Saturday, June 23, 2012

Superfood Peanut Butter n' Cookies Fudge

I know, I teased you with fudge yesterday! Well, this may not be "true" fudge in the sense of the intense butter/sugar overload (yes, I know... that's what makes it good), but if you fell in love with my earlier "Saintly Smooth Fudge" you'll probably like this one! I had such successful taste tests of the dark chocolate and black bean combination that I wondered if I could do a white bean, white chocolate creation with peanut butter and cookie chunks. After making the Kamut® Cookies for Creme, I broke them up and added them to the puree. I would have pulsed them in with the food processor, but the old thing is a little worse for wear these days and doesn't want to work very well.  

When I first made it, I was stymied by what I could use to replace the cocoa powder. Obviously the colouring and flavour would be wrong for a "peanut butter" fudge with it, so I started to look through my pantry for possibilities. When I found my small stash of maca powder, I wondered if I could use that - but I also knew that the stuff raw is not great eating (I find it slightly sour/bitter, so I add it in smoothies to cover it up).
After scouting the intarwebs and my nutrition textbooks, I got schooled on the whole world of the superfood, and found out that when raw (i.e. unroasted / ungelatinized) maca can be difficult to digest and is a goitrogen (which can mess with the thyroid). The unpleasant taste of the raw stuff is just nature's way of saying stay away or cook me! The digestion and thyroid inhibitors are reduced  or deactivated by heat. So toasting it would be the way to go. As a bonus, roasted maca reportedly tastes like caramel or butterscotch, with some coffee-like notes thrown in (I found more like a pecan / vanilla caramel flavour in my taste tests FWIW). Nevertheless, it would go nicely with the rest of the mixture.

But just what is maca anyways? Well, long story short, maca powder is an ancient Peruvian energy and libido booster, containing large amounts of amino acids, carbohydrates, and minerals like calcium, phosphorous, zinc, magnesium, and iron. It's also packed with the vitamins B1, B2, B12, C and E and is an adaptogen - basically helping support the body's adrenal and pituitary gland health to help protect against physical and mental weaknesses (including stress and disease!). Overall, it's a huge tonifying agent for all of the body's glands and hormones, which can improve fertility, sexual function, digestion, and brain and nervous system activity. Whew!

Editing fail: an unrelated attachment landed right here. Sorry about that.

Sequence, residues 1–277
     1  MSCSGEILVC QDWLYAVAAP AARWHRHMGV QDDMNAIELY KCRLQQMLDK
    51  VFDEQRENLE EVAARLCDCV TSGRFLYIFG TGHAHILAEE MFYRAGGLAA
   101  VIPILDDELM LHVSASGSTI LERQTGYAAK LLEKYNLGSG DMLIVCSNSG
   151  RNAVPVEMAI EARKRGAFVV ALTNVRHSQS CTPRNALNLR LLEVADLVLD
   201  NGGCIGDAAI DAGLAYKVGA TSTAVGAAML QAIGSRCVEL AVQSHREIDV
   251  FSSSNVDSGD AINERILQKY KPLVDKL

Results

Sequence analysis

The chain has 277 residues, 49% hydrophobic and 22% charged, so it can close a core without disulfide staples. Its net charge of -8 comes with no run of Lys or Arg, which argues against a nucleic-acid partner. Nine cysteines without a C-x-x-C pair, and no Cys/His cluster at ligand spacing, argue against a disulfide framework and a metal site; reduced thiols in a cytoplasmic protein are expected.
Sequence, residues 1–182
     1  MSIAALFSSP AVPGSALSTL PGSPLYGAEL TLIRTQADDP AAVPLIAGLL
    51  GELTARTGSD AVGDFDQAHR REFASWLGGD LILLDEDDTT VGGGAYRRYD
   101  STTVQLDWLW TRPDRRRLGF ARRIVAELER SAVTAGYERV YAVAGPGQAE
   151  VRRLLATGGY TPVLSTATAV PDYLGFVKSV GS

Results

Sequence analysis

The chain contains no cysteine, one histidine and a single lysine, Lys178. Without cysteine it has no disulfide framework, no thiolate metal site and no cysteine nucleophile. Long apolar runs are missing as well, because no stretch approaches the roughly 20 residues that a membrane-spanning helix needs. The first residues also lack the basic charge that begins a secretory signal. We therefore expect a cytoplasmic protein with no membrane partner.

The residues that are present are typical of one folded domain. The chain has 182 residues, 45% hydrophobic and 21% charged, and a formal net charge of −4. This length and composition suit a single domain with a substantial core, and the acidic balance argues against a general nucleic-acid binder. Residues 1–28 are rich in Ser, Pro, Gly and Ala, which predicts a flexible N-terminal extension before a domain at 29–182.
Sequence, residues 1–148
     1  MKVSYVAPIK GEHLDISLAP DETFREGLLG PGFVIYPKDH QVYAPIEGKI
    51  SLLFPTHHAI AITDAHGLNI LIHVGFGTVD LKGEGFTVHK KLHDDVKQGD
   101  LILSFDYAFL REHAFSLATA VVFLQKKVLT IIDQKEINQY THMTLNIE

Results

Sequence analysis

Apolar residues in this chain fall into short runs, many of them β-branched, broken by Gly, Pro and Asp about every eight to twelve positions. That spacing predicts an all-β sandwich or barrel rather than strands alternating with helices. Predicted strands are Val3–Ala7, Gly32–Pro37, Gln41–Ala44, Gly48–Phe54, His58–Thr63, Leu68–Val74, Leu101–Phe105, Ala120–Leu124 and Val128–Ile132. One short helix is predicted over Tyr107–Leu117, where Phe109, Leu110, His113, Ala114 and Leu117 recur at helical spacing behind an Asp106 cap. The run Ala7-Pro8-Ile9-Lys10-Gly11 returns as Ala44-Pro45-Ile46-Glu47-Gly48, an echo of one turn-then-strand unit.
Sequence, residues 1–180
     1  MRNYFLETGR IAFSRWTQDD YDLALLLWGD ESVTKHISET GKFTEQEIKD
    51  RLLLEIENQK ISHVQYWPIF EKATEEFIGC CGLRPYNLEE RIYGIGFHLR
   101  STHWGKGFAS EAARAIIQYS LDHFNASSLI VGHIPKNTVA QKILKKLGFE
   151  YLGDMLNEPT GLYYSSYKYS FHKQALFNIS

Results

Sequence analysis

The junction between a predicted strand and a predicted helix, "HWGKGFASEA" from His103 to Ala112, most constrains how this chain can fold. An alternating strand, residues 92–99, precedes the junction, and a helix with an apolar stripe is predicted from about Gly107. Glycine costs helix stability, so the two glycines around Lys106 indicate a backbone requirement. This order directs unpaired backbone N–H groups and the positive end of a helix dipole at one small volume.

So I had part of the "dry" mixture, but I didn't want to use all maca - for one, it's expensive ($1.37 an ounce or more), and for another, I didn't want the taste of it to dominate the peanut butter. I decided to use ground almonds for half the volume in a small batch, which worked but left the texture a little too soft for my liking even when stashed for 2 days in the fridge (frozen chunks, however, are delicious "cookie dough" additions to ice cream / pudding). Then, when at one of the health food stores downtown, I found "partially defatted roasted peanut flour" by Protein Plus and picked it up on a whim. The package said it was a good thickener, so I figured that it would help with texture as well as boost the peanut taste. The half and half maca / peanut flour version was far superior in texture and full of balanced nutty, sweet, caramel and chocolate, and my taste-testers (who had no idea what was in it!) fell in love too.

I'm going to cross my fingers that Ricki will accept this into her Wellness Weekend - after all, she (and Gretchen) started my obsession with beany fudge! Obviously, I used vegan white chocolate here (I found Bonvita white chocolate made with rice milk and raw cane sugar at the same store as the peanut flour), but if you aren't vegan go ahead and use your favourite brand. The nutrition information is almost the same regardless of whether you choose peanut flour or ground almonds too!


Superfood Peanut Butter n' Cookies Fudge
Makes one 8x5" loaf, 48 small pieces
1/4 cup maca powder (raw or roasted, see note)
1/4 cup peanut flour (I used Protein Plus) or ground almonds
2 oz vegan white chocolate, coarsely chopped
1/2 oz vegan butter (I used Earth Balance) or refined coconut oil
1 1/2 cups very well-cooked cannellini beans, drained and rinsed well
2 tbsp amber agave nectar
2 (1 gram) packets vanilla flavoured stevia
2 (1 gram) packets caramel flavoured stevia
1/4 cup natural, smooth peanut butter
10 small chocolate crisp cookies (I used my Kamut® Cookies for Creme, you can use Teddy Grahams too)
fine sea salt and/or raw sugar, to sprinkle

Note: if using roasted / gelatinized maca, skip the first step
  1. In a large, dry frying pan over medium high heat, toast the maca powder and ground almonds if using (stirring constantly) until the mixture is a "toasty" brown colour and the bitter/sour smell of the maca becomes almost butterscotchy - about 8-10 minutes.
  2. Immediately pour into a bowl and cool completely. Stir in the peanut flour if using this instead of the almonds.
  3. Combine the chocolate and butter in a small bowl and melt gently in the microwave. Set aside.
  4. In a food processor, puree the beans with the agave nectar and stevia until very smooth.
  5. Add the chocolate mixture, maca and ground almonds and puree in.
  6. Add the peanut butter and process in until completely smooth.
  7. Pulse in the cookies until combined but still chunky.
  8. Line an 8x5" loaf pan with clingwrap and evenly press in the fudge. Sprinkle with sea salt.
  9. Chill 1 hour, uncovered, then press a layer of plastic onto of the surface and keep in the fridge.
  10. This tastes better if you chill it overnight and let it stand at room temperature for 30 minutes before enjoying.
Amount Per Serving
Calories: 40.8
Total Fat: 1.9 g
Cholesterol: 0.0 mg
Sodium: 31.9 mg
Total Carbs: 3.7 g
Dietary Fiber: 0.8 g
Protein: 1.4 g